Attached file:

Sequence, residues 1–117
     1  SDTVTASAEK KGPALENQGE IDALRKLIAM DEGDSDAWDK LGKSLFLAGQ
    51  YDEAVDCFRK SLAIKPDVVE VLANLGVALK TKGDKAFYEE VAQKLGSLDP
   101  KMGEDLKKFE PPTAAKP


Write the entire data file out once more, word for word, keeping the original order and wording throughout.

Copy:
Sequence, residues 1–117
     1  SDTVTASAEK KGPALENQGE IDALRKLIAM DEGDSDAWDK LGKSLFLAGQ
    51  YDEAVDCFRK SLAIKPDVVE VLANLGVALK TKGDKAFYEE VAQKLGSLDP
   101  KMGEDLKKFE PPTAAKP